I recently had a conversation with the CEO of a company going through significant change. We discussed certain alternatives – some dramatic – to their business model.
During our conversation, we focused on what it is that would make this company so much better, rather than “just another one.” He pointed out certain key operational and back-office processes we could implement – many of which were already underway – that would make the newer competitor faster, nimbler, more modern.
This brought up a key point that should be highlighted: your internal processes don’t matter. A faster back-office, online invoicing, email receipts, snappier HR… none of it matters to your business. Sure, they can give you higher margins, therefore higher return on equity, which can lead to more investment. But your business lives and dies by the customer.
Your internal processes only matter insofar as they give a better customer experience. Let me share 2 examples.
WalMart has 2 key strategies.
- Location: The first is to locate outside of dense city centres, in locations where driving access is easy and real estate is cheaper. These may be less desirable locations, but the fixed cost of each store – real estate, power and taxes – is significantly lower than in more dense urban locations. A lower fixed cost per store allows WalMart to operate at lower gross margins and still have the same operating margins. Lower gross margins for the same variable cost means lower prices for the customer.
- IT: WalMart has been one of the most aggressive adopters of IT in retail. They were among the first to drive IT into every corner, to keep real-time or near-real-time track of inventory, of what is selling, of the value of each location in the store. Aggressive IT meant better supply chain management, better inventory management, less waste space and fewer write-downs. This lowers the variable cost of each item, allowing WalMart to sell for a lower price for the same gross margins. Lower price for the same gross margins means lower prices for the customer.
Location reduces the need for margin reduces the consumer price; IT reduces the variable cost increases margin while reducing the consumer price. Overall, the consumer pays less. And eventually, consumers know: go to WalMart for the best prices.
I have always been proud of my 4 years working at Morgan Stanley in the mid-1990s. We did some amazing stuff, and it was a great place to work. The team was diverse and mostly a meritocracy.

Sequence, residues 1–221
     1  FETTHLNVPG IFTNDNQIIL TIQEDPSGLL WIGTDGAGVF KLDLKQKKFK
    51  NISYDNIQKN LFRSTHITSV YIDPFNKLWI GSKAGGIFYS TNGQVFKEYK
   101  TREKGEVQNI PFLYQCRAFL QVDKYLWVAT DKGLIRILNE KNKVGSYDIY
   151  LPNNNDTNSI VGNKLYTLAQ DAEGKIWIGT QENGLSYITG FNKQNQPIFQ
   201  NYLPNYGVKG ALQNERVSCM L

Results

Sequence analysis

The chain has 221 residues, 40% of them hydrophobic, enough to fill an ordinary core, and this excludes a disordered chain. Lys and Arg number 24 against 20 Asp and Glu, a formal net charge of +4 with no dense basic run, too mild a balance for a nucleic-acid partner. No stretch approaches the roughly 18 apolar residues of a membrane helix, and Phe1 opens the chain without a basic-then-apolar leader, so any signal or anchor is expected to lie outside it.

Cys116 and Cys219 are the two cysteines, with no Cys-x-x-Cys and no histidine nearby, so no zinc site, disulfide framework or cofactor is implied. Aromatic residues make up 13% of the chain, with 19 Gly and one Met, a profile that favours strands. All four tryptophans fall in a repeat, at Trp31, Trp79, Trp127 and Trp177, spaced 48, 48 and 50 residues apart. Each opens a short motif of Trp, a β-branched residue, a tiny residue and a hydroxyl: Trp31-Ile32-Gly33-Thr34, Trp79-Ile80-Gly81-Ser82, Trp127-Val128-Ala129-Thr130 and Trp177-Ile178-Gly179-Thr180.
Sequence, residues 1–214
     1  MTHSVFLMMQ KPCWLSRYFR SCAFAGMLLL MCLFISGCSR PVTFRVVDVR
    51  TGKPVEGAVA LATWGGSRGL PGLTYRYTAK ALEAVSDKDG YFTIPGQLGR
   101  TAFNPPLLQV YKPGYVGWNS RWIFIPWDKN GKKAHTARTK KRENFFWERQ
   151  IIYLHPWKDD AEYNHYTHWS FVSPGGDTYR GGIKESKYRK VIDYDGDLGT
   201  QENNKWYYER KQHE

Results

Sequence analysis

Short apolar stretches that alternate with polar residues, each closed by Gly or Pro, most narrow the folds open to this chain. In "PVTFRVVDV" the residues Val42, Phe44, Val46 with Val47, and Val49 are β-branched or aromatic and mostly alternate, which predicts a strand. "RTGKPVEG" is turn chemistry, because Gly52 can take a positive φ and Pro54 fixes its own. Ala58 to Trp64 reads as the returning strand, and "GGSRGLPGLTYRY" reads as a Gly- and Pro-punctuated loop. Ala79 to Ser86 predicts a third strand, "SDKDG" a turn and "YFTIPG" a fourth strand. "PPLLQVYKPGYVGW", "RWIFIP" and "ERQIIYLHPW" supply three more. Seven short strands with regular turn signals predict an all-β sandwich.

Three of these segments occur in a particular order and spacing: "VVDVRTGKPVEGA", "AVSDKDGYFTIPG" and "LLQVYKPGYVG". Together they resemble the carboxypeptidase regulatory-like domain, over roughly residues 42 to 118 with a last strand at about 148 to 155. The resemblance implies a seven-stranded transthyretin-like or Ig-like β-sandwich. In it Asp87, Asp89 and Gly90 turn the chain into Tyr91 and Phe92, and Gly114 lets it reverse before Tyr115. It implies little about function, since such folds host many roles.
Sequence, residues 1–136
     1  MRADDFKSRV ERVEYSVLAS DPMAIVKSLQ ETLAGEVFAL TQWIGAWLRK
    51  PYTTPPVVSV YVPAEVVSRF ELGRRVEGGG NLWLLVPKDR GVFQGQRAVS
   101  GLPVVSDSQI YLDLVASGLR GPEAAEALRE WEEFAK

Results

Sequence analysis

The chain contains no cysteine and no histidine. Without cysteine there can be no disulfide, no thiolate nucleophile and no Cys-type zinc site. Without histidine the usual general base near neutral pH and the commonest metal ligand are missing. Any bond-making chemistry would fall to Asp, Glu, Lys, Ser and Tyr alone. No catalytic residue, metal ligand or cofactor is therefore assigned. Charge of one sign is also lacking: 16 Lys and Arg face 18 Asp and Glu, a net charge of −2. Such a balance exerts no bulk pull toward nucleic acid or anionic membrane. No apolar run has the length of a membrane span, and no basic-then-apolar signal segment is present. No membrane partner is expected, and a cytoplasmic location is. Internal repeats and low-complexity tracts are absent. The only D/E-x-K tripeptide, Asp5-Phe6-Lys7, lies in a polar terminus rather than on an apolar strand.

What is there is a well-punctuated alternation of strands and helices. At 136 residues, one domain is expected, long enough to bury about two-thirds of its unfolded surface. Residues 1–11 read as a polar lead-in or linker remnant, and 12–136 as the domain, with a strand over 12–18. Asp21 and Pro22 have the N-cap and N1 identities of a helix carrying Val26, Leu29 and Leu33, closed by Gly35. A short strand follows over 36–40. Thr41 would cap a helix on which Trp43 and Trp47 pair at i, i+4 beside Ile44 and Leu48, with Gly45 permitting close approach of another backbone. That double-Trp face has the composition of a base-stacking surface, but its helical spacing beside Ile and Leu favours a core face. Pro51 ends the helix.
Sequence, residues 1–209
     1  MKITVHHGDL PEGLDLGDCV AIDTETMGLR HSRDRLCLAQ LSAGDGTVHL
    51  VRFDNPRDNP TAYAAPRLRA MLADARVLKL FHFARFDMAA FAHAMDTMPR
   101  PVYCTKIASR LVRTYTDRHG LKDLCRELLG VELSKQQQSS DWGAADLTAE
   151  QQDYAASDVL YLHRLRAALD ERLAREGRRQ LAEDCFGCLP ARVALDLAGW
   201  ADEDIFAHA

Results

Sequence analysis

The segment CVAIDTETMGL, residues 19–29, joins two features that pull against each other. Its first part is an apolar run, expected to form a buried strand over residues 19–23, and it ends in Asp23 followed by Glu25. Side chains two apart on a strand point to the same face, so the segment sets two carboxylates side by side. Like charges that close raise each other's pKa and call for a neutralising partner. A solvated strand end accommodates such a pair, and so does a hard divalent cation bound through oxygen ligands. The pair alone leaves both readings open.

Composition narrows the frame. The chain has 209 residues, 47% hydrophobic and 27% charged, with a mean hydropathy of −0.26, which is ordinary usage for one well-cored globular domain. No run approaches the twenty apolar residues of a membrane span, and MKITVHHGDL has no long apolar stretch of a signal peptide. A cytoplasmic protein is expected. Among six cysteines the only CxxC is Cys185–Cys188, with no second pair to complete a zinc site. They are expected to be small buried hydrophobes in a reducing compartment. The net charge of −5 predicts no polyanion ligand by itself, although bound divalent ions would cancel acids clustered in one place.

Here is one simple IT statistic: most of our competitors had one systems administrator to every 10 servers; we had one administrator to 100. How did that happen? And why did it matter?
- How did it happen? We made a conscious decision to invest aggressively in engineering. Anything that was done manually or repetitively that we could eliminate or automate, we did. If it wasn’t available off the shelf, we built it. If the vendors didn’t offer it, we partnered with them and helped them get there. We didn’t care that it helped them be better; we liked it that way. The results showed for themselves. The only other shop that had the same mindset and therefore the same level of results was Goldman Sachs.
- Why did it matter? We could have just said, “well, we saved 90% of administrator cost, let’s just pocket the money.” And to some extent, we did. As a financial company, our financial results mattered greatly. But we took a big chunk of those savings and reinvested them in more engineering. We created better execution. We provided better reliability. We made it easier for the people in finance to do their job, which made it a great place to work. And that meant better results for the customer.
Profit is great, and higher profit is even better. Better internal processes create lower costs and a more pleasant work environment, all of which attract the best people. But in the end, all that matters is how it benefits the customer. Leverage those internal processes to better serve your customer.